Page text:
The Business of Misinformation
A CMDS project mapping the individuals and companies that own misinformation websites and their links to institutions, parties and other individuals.
Bogus websites have inundated Europe in the past few years. They operate and expand in a myriad of forms and formats. Literature about the growing fake news phenomenon abounds. Academic studies about the impact of misinformation are generated at a good clip. The influence of Russia in the 2016 American elections through fast-spreading fake news still makes the headlines. In 2018, European Commission, EU’s executive arm, created a high level group to look into the issue and advise the commission on how to combat misinformation. Nothing is fancier these days among universities and donors than to set up truth or trust commissions to battle misinformation.
It is hard to remember a media studies topic that has ever attracted so much time and money.
Lately, however, more hard-headed experts are warning about the exaggeration behind the fake news hubbub. Brendan Nyhan, a political scientist and professor of public policy at the University of Michigan, wrote in a recent study that fears about the spread and influence of fake news “have been over-hyped.” The scope of the problem and its effect on American politics, he says, were exaggerated or just plain wrong.
It is time to pragmatically look into this niche of our news and information system to properly understand the scope of the problem (if there is one). As a contribution to these efforts, CMDS’ Business of Misinformation project aims at mapping the companies and individuals owning, controlling or running fake news websites. Such a map, presenting the ownership, sources of funding and links with other entities, will help understand the scope of the problem and the actual power fueling misinformation online.
Methodology and definitions
Building on the vast literature aimed at defining “fake news”, particularly the work done by First Draft, the Business of Misinformation project canvasses websites that systematically and methodically create and target false information to persuade audiences to adopt ideas and ways of thinking embraced by their original promoters or their sponsors, be those political, social, economic, health-related or else.
We do not include in our sample mainstream media, either government- or commercially owned, that inadvertently or purposely spread propaganda. We recognize that the power of those media outlets is a major part of the declining trust in media and journalism, which we examine through our larger media system-focused research work, particularly CMDS’ Media Influence Matrix. The Business of Misinformation includes players in the misinformation industry consisting of locally run online portals that are presenting themselves and are perceived as independence voices.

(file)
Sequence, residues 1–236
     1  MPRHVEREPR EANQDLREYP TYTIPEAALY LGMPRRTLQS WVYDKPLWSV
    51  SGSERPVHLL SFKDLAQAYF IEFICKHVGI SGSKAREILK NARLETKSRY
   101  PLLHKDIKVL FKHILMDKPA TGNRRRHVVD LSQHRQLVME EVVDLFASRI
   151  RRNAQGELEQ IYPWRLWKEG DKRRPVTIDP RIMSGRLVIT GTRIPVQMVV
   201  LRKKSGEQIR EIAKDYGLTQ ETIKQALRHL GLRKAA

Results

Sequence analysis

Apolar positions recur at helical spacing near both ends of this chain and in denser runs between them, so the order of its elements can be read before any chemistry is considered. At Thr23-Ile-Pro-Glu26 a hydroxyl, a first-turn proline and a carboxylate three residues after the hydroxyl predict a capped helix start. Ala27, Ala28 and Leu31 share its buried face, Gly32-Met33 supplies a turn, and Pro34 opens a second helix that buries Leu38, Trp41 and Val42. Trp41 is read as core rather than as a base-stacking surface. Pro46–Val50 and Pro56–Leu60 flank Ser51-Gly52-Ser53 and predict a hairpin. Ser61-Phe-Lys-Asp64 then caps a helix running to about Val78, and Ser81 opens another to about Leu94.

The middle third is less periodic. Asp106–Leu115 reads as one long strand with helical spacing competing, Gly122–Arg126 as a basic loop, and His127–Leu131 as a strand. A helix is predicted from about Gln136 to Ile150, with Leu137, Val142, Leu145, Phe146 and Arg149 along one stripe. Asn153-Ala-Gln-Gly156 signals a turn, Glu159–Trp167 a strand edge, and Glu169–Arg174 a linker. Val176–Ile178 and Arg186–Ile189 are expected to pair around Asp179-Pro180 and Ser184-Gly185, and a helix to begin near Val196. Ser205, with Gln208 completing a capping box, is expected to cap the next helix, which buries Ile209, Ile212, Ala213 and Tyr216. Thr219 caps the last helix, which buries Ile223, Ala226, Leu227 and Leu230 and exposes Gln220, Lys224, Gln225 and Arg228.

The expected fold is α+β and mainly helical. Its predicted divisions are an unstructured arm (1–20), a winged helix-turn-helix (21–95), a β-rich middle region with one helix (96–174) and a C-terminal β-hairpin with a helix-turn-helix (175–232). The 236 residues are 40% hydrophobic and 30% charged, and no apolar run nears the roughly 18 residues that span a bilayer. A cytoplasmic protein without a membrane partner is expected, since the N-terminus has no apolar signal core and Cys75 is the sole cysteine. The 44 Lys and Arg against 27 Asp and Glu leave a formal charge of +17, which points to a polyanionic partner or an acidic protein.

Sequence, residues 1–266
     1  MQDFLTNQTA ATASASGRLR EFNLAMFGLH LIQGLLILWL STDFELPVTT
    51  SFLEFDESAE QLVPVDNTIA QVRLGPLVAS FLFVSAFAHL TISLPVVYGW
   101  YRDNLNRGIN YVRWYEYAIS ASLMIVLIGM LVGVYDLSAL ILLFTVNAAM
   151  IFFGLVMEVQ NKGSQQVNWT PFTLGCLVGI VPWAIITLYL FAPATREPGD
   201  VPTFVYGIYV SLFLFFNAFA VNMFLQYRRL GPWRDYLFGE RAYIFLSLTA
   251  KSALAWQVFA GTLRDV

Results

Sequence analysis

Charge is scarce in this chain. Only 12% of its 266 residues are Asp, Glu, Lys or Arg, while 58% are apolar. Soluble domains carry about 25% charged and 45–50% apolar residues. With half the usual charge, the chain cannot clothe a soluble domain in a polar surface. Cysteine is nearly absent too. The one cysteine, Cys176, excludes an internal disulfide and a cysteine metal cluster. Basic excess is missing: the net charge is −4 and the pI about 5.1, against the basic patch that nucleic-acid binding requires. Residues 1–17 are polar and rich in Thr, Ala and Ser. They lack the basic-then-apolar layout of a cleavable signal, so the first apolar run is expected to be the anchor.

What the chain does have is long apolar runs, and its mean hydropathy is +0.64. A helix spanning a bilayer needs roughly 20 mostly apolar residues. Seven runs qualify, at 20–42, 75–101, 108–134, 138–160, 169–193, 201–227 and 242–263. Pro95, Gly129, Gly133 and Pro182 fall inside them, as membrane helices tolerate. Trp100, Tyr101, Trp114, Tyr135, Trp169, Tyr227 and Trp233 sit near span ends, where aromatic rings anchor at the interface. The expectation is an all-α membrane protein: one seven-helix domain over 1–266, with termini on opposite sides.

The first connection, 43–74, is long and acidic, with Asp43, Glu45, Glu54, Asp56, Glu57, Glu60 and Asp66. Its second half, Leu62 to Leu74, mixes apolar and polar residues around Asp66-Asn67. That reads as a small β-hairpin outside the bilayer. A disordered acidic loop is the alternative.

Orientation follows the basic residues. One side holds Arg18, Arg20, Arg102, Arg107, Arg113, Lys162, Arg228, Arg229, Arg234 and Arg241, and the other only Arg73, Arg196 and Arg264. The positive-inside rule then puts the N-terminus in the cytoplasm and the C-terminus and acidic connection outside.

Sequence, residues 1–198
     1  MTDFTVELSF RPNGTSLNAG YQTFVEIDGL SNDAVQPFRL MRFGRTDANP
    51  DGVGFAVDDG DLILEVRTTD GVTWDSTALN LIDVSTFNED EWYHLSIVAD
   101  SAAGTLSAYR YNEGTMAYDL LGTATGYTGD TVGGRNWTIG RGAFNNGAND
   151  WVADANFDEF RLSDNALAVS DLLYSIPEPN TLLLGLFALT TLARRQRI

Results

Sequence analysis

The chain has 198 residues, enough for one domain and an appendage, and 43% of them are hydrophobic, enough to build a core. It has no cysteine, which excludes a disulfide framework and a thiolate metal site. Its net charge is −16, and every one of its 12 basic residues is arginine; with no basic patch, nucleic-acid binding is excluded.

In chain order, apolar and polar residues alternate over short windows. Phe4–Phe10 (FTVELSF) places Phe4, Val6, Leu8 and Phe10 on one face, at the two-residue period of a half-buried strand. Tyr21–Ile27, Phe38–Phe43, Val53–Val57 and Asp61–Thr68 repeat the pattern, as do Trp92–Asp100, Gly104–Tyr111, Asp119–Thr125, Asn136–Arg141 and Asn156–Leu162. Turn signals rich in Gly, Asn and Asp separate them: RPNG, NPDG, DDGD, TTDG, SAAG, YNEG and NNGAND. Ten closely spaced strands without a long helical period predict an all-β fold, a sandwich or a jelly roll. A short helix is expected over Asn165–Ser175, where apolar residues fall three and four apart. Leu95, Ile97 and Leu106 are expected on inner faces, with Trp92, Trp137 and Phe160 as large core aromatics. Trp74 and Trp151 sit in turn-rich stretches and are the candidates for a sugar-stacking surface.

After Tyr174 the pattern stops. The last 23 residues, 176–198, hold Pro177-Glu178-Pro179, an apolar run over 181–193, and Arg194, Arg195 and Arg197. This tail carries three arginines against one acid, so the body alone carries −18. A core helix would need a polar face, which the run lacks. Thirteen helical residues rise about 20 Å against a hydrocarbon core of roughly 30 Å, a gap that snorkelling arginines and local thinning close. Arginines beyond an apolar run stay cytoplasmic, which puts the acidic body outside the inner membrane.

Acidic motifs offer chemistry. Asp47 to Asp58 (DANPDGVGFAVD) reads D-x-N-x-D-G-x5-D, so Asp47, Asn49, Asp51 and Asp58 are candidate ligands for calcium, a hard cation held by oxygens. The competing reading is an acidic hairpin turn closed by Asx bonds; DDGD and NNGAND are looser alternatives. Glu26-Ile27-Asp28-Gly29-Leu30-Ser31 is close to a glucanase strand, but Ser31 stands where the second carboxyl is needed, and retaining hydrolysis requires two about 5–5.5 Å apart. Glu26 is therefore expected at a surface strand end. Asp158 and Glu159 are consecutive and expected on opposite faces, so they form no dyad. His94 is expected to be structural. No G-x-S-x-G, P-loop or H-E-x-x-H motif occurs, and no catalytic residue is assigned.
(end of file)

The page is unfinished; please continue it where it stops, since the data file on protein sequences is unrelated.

The methodology for this project consists of the following steps:
1). Collection of data on misinformation websites
Desk research based on data collected through local industry associations, direct observation and third-party sources (studies or articles)
The following three categories of websites are included:
- Websites which produce what seem to be original media reports that consist of inaccurate facts and information with the purpose of intentionally misinforming the public and spreading falsehoods
- Websites which publish someone else’s original reports that consist of inaccurate facts, information, and falsehoods
- Websites which spread conspiracy theories by disseminating untruthful or unverifiable information and presenting them as facts which are connected via a causal relationship without providing any concrete evidence to support that claim
Based on direct observation and content analysis, we will provide brief descriptions of the websites and 3-5 examples of misinformation content.
2). Collection of ownership and financial data
Using desk research, we collect data mainly from public trade registries and corporate accounts as well as investigative journalism websites such as Investigative Dashboard and Open Corporates to create profiles of owners, including basic financial data.
3). Organizing the information into database
Based on the information collected through these sources and available network analysis projects as well as on-the-ground investigations conducted by journalists, we are creating a database of misinformation traders that we will present online and update regularly. The database is also planned to feature links with other entities, including parties, churches, institutions or individuals, based either on commonly held IP addresses, Google AdSense account numbers, physical incorporation addresses or commonly held assets. The database will be the base for analysis and articles, which, by featuring links between all these various entities, internally or cross-border, is expected to offer a better understanding of the scope of the problem.
- Bosnia & Herzegovina